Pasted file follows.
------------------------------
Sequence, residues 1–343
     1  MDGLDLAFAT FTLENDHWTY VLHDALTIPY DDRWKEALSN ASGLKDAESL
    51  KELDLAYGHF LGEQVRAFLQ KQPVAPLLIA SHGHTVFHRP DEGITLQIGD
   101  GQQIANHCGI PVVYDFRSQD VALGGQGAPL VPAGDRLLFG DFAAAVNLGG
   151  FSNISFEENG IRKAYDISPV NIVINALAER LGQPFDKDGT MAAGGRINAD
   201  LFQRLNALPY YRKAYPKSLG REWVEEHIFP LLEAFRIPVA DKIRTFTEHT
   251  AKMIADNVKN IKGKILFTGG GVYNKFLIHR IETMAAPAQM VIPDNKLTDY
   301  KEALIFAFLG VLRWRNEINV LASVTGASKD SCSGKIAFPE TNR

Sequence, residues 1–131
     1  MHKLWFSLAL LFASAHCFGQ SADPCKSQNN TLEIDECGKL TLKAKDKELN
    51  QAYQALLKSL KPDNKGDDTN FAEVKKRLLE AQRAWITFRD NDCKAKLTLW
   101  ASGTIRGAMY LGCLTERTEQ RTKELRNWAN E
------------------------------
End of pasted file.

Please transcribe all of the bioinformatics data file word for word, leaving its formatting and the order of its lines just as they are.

Sequence, residues 1–343
     1  MDGLDLAFAT FTLENDHWTY VLHDALTIPY DDRWKEALSN ASGLKDAESL
    51  KELDLAYGHF LGEQVRAFLQ KQPVAPLLIA SHGHTVFHRP DEGITLQIGD
   101  GQQIANHCGI PVVYDFRSQD VALGGQGAPL VPAGDRLLFG DFAAAVNLGG
   151  FSNISFEENG IRKAYDISPV NIVINALAER LGQPFDKDGT MAAGGRINAD
   201  LFQRLNALPY YRKAYPKSLG REWVEEHIFP LLEAFRIPVA DKIRTFTEHT
   251  AKMIADNVKN IKGKILFTGG GVYNKFLIHR IETMAAPAQM VIPDNKLTDY
   301  KEALIFAFLG VLRWRNEINV LASVTGASKD SCSGKIAFPE TNR

Sequence, residues 1–131
     1  MHKLWFSLAL LFASAHCFGQ SADPCKSQNN TLEIDECGKL TLKAKDKELN
    51  QAYQALLKSL KPDNKGDDTN FAEVKKRLLE AQRAWITFRD NDCKAKLTLW
   101  ASGTIRGAMY LGCLTERTEQ RTKELRNWAN E